By Fred Grimm
Trade secrets. Private information. Privileged stuff about the inner workings of a basic democratic function. In other words, not for the likes of you.
Neither the public nor the press can see 538 pages of emails, maps and planning documents generated by one of the high-powered political operatives who actually run this state.
The Florida Supreme Court decided Tuesday that the trove of material from Republican political consultant Pat Bainter in connection with the 2012 congressional redistricting maps must remain top secret. Bainter’s stuff can only be revealed in a closed courtroom. As if this were a matter of homeland security.
The justices, in a 5-2 vote, ruled that the Leon County judge overseeing the court challenge to the new districts must “maintain the confidentiality of the documents by permitting any disclosure or use only under seal of the court and in a courtroom closed to the public.”
Bainter has been paid $6.2 million by the Republic Party of Florida for his redistricting expertise. You are not allowed to see what the Republican party got from its pricey expert.
Actual citizens, still mired in obviously gerrymandered districts shaped like roadkill, can guess.
The redistricting process was all about circumventing the 2010 Fair Districts constitutional amendment that was supposed to ban the finagling of district lines to benefit the ruling party.
Legal experts doubt challengers can prove the crucial but squishy element of intent in the on-going civil trial. But if nothing else, the trial, now in its second week, has exposed a conspiracy of unseemly coincidences.
Wasn’t it odd that the final districts map was so markedly similar to a map submitted by an FSU student? His map, in turn, was identical to another created by Frank Terraferma, director of campaign strategies for the GOP members of the Florida House of Representatives.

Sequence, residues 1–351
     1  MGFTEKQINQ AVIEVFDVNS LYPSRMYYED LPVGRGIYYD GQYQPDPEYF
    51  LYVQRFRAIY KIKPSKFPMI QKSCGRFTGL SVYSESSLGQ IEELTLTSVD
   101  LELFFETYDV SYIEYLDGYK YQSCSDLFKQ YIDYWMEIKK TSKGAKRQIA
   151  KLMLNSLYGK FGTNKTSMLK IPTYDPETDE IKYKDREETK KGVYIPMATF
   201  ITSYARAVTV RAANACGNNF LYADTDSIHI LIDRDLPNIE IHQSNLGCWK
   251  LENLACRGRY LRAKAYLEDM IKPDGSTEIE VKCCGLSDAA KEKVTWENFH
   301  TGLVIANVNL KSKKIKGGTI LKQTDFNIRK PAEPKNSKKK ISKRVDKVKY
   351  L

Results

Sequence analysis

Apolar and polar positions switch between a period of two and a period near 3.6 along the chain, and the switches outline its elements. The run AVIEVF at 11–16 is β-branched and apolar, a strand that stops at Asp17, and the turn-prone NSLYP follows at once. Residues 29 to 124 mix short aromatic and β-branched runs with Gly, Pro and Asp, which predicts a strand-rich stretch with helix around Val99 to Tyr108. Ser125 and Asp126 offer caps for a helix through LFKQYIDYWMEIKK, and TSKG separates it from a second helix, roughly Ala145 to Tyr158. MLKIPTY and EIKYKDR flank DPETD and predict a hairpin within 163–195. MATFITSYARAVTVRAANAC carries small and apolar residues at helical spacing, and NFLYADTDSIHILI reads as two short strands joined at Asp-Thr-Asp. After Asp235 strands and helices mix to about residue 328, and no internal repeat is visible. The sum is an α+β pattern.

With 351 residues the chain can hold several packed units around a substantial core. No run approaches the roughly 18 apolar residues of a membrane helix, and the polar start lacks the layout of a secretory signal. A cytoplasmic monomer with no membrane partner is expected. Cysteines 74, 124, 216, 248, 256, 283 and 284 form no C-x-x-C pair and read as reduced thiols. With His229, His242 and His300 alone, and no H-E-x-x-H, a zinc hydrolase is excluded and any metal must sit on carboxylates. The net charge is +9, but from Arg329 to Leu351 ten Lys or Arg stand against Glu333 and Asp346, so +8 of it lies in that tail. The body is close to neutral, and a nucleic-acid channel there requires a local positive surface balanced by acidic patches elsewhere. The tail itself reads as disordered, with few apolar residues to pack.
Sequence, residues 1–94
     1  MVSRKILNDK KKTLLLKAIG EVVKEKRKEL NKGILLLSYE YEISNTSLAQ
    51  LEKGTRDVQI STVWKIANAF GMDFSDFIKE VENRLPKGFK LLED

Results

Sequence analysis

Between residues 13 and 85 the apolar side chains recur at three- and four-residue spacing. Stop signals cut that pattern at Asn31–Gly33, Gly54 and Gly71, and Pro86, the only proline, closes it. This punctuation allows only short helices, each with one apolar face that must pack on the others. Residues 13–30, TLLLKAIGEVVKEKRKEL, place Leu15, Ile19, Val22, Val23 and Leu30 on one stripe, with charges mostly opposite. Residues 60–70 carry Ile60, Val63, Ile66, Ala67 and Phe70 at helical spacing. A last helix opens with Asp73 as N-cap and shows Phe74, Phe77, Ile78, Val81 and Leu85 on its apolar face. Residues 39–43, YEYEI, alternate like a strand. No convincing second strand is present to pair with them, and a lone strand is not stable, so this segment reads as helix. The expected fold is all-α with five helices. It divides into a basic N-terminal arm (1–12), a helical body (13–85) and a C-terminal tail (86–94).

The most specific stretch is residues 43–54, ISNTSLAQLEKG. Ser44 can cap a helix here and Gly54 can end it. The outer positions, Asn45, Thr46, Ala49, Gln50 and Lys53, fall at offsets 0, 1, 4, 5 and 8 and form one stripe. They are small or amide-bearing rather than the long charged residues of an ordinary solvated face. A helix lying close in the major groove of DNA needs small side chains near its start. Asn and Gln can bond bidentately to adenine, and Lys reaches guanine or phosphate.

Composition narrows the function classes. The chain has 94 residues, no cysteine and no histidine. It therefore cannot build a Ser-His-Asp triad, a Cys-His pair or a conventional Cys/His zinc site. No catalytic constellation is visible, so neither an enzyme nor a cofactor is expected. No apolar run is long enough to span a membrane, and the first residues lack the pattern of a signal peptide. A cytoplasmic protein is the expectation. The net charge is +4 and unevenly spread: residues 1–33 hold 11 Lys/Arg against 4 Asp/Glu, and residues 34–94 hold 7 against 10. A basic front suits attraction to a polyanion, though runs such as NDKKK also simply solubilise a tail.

Of course, the legislative leadership would never, ever consider a map submitted directly from a political strategist. That would be wrong.
Keeping the public informed about the redistricting process was not a high priority. Not like the very special effort made to keep Republican consultant Marc Reichelderfer in the loop. During testimony last week, Kirk Pepper, deputy chief of staff under former House Speaker Dean Cannon, admitted that he provided Reichelderfer at least 18 drafts weeks before the public was privy to the redrawn maps. “I was trying to do something nice, for a friend of mine,” explained Pepper.
Wouldn’t it be nice if the public also had a secret friend on the speaker’s staff?
The trial also elicited admissions that crucial email about redistricting exchanged among legislative leaders seems to have been erased. Senate President Don Gaetz insisted, not very convincingly, that he wasn’t the culprit. “I’m not sure I know how to delete emails.”
The trial also featured admissions of a secret meeting between Gaetz and House Speaker Will Weatherford to approve the new districts. Gaetz explained that the meeting wasn’t really secret. They just didn’t feel a need to alert that extraneous rabble known as the public.